Spangler wrote to the News that it had been a “pleasure” to work with Conklin over the years, and that they often shared ideas and experiences with each other when they had been fellow Title IX coordinators, Conklin at University of Connecticut and Spangler at Yale. Spangler was “delighted” when Conklin arrived as associate vice president for equity, access, and belonging, and is now excited for her to step into the Title IX position at Yale. 

“I am so grateful — the university is so fortunate — that [Conklin] will now assume this additional important responsibility,” Spangler said.

At Yale, like at the University of Connecticut, Conklin is now responsible not only for Title IX issues, but also for discrimination and harassment of any kind, including in regards to race, religion, sexuality and disability. Conklin said that she feels it is important to recognize that students do not fit singly in any one of these boxes.   

“We’re thinking about folks of intersecting identities, and that really impacts the approach to any individual student, how best to support them,” Conklin said.

In assuming her new role, Conklin’s initial priority is to create conversation about identity, community and important issues on campus by meeting with students, faculty and staff to hear their perspectives and experiences. Developing a base and relationships with those who are already involved with Title IX work will be key in deciding where programming must be enhanced or clarified, she said.  

One thing that is special about Yale, Conklin added, is the level of student engagement on Title IX-related issues. Conklin recalled that a highlight in her work so far has been having conversations with students and working with students involved in these efforts. 

“Learning will really guide how I approach the work moving forward,” she said. 

An initial project Conklin hopes to pursue is enhancing Title IX’s online presence at Yale. In this digital age, Conklin said, the internet is where students will most likely go first for resources. It is therefore important for the website to be as clear as possible so students have a place to turn and learn about next steps, she said. 

As for any big policy changes, Conklin said she wants to wait and keep a “close eye on what’s happening nationally.” In April there are supposed to be revisions to the national Title IX regulations, which may affect Yale’s procedures and policies.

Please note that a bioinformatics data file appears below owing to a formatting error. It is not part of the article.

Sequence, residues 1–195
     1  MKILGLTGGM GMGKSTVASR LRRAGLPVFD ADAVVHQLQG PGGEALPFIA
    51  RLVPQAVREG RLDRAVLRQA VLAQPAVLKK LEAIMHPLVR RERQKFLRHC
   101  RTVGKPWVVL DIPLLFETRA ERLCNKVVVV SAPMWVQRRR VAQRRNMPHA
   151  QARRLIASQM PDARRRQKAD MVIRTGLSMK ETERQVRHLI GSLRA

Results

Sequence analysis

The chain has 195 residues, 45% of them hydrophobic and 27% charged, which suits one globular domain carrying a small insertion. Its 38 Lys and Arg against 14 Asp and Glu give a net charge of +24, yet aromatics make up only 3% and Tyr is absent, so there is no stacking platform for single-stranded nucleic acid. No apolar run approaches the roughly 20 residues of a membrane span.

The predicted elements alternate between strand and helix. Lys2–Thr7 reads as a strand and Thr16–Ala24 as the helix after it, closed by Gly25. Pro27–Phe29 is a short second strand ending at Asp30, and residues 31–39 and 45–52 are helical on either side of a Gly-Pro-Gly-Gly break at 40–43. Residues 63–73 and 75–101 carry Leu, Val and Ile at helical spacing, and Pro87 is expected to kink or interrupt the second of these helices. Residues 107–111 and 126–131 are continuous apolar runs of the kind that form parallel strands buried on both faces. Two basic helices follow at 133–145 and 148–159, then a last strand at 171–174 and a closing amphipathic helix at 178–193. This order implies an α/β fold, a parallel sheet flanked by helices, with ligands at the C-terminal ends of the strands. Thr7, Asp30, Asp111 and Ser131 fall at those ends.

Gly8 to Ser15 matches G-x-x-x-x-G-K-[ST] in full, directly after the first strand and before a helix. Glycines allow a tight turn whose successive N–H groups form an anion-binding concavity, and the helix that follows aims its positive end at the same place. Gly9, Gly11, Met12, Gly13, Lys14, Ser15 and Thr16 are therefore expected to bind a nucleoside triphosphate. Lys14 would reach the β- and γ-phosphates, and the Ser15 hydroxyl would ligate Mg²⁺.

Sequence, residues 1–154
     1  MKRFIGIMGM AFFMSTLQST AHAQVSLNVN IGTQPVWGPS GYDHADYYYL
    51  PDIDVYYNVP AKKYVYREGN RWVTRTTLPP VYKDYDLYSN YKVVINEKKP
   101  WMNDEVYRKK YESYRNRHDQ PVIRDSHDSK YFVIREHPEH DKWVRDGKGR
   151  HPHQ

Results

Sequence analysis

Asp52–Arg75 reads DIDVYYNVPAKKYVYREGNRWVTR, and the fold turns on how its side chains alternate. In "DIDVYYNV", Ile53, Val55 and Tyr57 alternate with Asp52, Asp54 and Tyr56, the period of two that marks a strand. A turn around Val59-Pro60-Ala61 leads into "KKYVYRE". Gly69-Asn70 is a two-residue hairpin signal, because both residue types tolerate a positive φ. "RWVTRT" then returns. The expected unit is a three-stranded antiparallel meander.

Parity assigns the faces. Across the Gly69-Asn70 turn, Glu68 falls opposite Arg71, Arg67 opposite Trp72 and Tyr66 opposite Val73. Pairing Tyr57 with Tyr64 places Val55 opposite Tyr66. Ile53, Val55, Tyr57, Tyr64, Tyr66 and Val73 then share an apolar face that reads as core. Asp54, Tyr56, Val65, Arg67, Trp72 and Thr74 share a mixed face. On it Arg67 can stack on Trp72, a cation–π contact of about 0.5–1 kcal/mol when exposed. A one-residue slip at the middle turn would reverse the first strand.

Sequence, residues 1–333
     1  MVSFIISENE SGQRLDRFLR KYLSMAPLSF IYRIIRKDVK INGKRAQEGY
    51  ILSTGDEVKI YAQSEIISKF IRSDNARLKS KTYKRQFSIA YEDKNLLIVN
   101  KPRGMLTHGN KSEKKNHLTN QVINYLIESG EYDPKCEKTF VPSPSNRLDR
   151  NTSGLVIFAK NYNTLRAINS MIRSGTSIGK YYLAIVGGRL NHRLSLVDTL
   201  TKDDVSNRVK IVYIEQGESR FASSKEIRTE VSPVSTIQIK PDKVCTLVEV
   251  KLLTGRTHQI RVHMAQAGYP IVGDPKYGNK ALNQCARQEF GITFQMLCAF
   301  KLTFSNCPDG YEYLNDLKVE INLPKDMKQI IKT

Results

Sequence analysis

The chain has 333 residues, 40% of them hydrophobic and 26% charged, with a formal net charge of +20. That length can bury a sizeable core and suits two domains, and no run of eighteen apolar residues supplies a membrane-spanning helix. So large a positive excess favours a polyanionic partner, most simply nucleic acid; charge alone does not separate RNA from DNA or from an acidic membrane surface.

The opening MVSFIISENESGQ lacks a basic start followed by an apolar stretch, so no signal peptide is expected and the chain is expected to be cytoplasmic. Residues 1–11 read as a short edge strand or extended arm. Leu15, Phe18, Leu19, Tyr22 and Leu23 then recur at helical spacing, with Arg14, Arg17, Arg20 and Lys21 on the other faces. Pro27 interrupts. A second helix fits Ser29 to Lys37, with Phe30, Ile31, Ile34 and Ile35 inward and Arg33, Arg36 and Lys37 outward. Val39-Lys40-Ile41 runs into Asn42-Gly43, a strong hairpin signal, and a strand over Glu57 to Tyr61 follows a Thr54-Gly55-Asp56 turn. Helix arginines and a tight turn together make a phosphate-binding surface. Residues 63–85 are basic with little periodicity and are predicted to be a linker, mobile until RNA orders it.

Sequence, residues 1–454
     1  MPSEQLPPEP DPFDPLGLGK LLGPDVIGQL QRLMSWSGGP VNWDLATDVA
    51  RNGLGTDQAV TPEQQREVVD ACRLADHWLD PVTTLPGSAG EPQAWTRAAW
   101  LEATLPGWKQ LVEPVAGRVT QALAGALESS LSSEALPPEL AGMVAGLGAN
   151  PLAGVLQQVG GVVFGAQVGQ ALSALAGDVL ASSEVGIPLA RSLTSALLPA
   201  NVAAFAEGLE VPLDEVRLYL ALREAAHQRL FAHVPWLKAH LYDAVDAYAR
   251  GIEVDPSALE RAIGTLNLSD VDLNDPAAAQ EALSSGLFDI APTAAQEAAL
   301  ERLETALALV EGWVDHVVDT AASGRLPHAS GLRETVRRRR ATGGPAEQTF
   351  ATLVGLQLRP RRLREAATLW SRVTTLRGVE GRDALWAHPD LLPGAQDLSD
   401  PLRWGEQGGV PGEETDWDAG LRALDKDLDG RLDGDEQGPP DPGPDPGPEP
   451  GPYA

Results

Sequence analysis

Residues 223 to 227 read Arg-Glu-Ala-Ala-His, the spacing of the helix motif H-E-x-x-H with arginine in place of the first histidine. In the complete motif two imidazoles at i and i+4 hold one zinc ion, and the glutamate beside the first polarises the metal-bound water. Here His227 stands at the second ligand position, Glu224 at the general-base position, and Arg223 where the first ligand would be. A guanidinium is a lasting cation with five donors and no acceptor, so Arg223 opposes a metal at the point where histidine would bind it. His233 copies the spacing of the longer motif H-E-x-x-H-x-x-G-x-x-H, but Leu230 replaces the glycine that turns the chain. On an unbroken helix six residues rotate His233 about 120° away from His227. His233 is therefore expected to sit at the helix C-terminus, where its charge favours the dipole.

“What I can say is regardless of what happens in Washington … our commitment to continue to provide support and prevention is unwavering,” Conklin said. 

Taking on the role of Title IX Coordinator “dovetails” with Conklin’s responsibilities as associate vice president for institutional equity, access and belonging, she said. She plans to continue to work closely with Spangler and Killheffer in aligning Title IX with Title VI, which prohibits discrimination on the basis of race, color or national origin, and Title VII, which prohibits employment discrimination. 

She will also continue to work on prevention and response strategies for other forms of dicrimination and harassment, on increasing accessibility on campus and on the Belonging at Yale initiative. She told the News she is excited for Killheffer and the Title IX staff to work closely with the staff from the Student Accessibility Services, the Office of Institutional Equity and Accessibility and the Office of LGBTQ resources.

Students and faculty can find more information about the University’s Title IX policies on the Sexual Misconduct Response and Prevention website and contact the Sexual Harassment and Assault Response and Education Center’s 24-hour confidential hotline at (203) 432-2000 for information and support regarding sexual misconduct. 

Tigerlily Hopson covers diversity and inclusion at Yale. Originally from Brooklyn, New York, she is a junior in Berkeley majoring in English.
Sarah Cook is one of the University editors. She previously covered student policy and affairs, along with President Salovey's cabinet. From Nashville, Tennessee, she is a junior in Grace Hopper majoring in Neuroscience.